Current News

Construction bill would curb lawsuits

The Colorado Statesman

What is expected to be the landmark bill of the 2015 legislative session was introduced Tuesday. Senate Bill 15-177 would amend Colorado’s construction defects law, first passed in 2001. Supporters, including four bipartisan lawmakers, say the bill will help address a dearth of affordable middle-class housing in Colorado, primarily in the condo market.

SB 177 is the third attempt in as many years to address what supporters claim is an inability of developers to build affordable condos because of fear of class-action lawsuits.

Starboard Group: An inside look at the Colorado GOP fundraiser-in-chief

The Colorado Statesman

When everything was said and done, all Katie Behnke and Kristin Strohm could do was wait. Wait and see what a string of caffeine-fueled, sleep-deprived months of endless phone calls, conversations and a flurry of hastily written checks would translate to in percentage points.

Would Cory Gardner clear the 50 percent hurdle? What about Mike Coffman? And his wife Cynthia? Wayne Williams?

The night turned into a triumphant whirl.

Dem chair candidates spar over party’s direction

The Colorado Statesman

The race for Colorado Democratic Party chair is nearing the home stretch as county parties wrap up reorganization meetings and contenders for the leadership position lob charges at one another.

Credit card transaction bill aims to reduce fees for small businesses

The Colorado Statesman

A bill to reduce the burden on small businesses that handle credit card transactions is pitting businesses against credit card companies, banks and the Metro Denver Chamber of Commerce.

House Bill 15-1154 is sponsored by Rep. Jon Becker, R-Fort Morgan, and Rep. Alec Garnett, D-Denver.

Current law requires businesses to send sales tax to the states. When those businesses accept credit cards, they are charged a percentage, usually 2 to 3 percent, as a fee by the credit card companies and banks. That fee is charged not only on the purchase but on the sales tax as well.

Should $5 million in state general fund dollars be appropriated under House Bill 1194 to distribute long-acting reversible contraceptives (LARCs) to low-income women across the state?

POLICY OUTREACH SPECIALIST WITH ADVOCACY DENVER

An interview with Rep. KC Becker, D-Boulder

Birth control, in the opinion of state Rep. KC Becker, D-Boulder, is an economic issue that impacts the health and social wellbeing of women, children and families statewide. That’s why she is sponsoring House Bill 1194, which would appropriate $5 million in state general fund dollars to distribute long-acting reversible contraceptives (LARCs) to low-income women across the state. The funds would allow for the continuation of a four-year, grant-funded pilot project, implemented by the Colorado Department of Public Health and Environment in 2009, to family planning clinics in 37 counties throughout the state.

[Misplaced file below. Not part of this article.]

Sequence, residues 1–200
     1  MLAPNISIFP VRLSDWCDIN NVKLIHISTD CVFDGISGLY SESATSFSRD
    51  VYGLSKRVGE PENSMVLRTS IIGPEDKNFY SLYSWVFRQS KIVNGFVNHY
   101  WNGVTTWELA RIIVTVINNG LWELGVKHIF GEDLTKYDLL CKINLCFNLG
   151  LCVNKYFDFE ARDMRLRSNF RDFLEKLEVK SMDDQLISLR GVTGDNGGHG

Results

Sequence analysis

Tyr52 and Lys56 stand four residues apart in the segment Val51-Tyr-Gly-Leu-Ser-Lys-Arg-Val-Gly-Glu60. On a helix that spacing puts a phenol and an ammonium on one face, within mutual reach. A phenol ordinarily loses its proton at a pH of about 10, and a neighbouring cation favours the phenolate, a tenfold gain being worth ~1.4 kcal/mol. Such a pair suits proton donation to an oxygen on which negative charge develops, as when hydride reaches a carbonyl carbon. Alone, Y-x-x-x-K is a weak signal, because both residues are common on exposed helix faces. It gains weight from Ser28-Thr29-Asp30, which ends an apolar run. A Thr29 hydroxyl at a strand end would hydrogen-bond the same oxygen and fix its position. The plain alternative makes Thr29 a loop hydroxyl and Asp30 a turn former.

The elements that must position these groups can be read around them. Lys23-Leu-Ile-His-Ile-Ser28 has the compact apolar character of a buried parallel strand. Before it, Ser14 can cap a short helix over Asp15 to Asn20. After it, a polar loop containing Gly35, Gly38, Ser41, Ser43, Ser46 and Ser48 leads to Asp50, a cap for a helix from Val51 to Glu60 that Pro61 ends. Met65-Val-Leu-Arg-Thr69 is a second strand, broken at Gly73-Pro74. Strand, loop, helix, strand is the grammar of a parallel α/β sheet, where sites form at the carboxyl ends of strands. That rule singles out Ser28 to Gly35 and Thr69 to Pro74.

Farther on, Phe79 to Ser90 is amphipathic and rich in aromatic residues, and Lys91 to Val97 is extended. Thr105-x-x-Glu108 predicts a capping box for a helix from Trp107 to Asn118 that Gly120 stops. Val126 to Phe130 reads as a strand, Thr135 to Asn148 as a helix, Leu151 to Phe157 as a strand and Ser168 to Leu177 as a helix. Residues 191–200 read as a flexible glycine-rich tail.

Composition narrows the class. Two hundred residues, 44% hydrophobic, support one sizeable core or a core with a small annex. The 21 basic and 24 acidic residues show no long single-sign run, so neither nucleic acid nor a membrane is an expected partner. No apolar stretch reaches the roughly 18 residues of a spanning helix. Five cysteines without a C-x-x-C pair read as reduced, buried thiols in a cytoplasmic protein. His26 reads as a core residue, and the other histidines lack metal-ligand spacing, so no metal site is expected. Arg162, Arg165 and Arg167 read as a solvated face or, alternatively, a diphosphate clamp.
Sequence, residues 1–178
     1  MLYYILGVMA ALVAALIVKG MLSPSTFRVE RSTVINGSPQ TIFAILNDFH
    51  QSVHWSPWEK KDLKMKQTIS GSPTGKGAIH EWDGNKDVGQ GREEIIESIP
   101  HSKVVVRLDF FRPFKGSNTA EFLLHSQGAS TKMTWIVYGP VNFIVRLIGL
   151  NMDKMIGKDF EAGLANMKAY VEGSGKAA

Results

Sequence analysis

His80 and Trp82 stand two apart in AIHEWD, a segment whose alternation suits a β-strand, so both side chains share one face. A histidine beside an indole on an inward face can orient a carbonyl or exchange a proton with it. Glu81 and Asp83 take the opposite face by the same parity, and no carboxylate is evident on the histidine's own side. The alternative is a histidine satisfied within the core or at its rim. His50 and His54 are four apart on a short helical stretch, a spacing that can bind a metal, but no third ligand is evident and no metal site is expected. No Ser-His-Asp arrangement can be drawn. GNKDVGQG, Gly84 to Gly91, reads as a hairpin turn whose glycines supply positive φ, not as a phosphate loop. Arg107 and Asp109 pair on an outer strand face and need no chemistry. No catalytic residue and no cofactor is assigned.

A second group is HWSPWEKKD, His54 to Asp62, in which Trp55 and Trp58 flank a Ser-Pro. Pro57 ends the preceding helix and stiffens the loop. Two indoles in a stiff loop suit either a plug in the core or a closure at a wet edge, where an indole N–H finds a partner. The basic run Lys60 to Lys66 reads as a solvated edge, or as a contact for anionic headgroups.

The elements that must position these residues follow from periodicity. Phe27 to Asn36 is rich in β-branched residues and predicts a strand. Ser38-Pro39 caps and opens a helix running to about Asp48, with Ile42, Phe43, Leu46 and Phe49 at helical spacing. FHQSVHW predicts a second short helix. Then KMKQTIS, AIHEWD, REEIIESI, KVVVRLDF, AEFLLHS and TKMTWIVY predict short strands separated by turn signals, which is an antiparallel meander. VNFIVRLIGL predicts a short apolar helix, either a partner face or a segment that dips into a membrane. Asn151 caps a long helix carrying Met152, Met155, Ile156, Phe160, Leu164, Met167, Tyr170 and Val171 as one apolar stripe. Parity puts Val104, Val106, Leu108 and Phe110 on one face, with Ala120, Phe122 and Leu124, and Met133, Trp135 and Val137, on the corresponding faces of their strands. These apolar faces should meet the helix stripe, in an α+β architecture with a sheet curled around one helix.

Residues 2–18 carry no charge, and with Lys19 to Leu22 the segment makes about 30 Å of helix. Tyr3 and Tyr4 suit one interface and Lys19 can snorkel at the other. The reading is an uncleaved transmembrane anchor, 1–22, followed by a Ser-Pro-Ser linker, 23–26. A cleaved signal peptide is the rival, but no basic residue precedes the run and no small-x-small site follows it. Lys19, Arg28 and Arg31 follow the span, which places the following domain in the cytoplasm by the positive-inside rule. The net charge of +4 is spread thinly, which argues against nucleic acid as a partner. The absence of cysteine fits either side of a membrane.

Bipartisan House-Senate Israel Caucus hosts first gathering, Jerusalem screening

The Colorado Statesman

To the layperson accustomed to what might seem a steady stream of partisan bantering between elected politicians, an event Monday night in Denver may have come as a surprise. Had they walked into the Vine Street Pub at 6:30 p.m., they would have encountered a very bipartisan group of state representatives and state senators assembled around a large table, smiles on their faces, drinks in hand and lively conversation underway.

The Bipartisan Israel Caucus convened its first ever official meeting Monday to discuss just one topic: Israel and its important relationship with Colorado.

Bipartisan construction defects bill introduced, aiming to curb legal action, spur affordable housing

The Colorado Statesman

A bipartisan quartet of lawmakers Tuesday officially kicked off the next round in a years-long quarrel over how to deal with Colorado’s construction defects litigation statutes, a move that could possibly initiate the capstone undertaking of the 2015 legislative session.

Senate childcare bill faces uphill struggle

The Colorado Statesman

An effort to deregulate licensing requirements for childcare providers who serve up to nine children has run into trouble in its first committee in the Senate.

Thursday, the Senate Health and Human Services Committee reviewed Senate Bill 15-070, sponsored by its chair, Sen. Kevin Lundberg, R-Berthoud.

The bill would remove licensing, registration and other regulatory requirements for childcare providers who serve fewer than 10 children. Current state law caps the number of children cared for by an unlicensed provider at four or fewer.

New pols look at gun laws from other side

The Colorado Statesman

This week, the General Assembly began the process of dealing, once again, with legislation that seeks to repeal some of the controversial 2013 gun control laws.

Six legislators in the 2015 session can tie their 2014 elections either directly or indirectly to the 2013 gun debates. All of them own guns, some with lifelong histories with firearms, and three were part of Monday’s hearings in the House and Senate.

‘Best is yet to come’: Hancock announces his reelection bid

The Colorado Statesman

Denver Mayor Michael Hancock launched his bid for a second term on Tuesday, boasting that the city has rebounded from the recession and has “a vibrant economy firing on all cylinders,” with every reason to be optimistic about the future.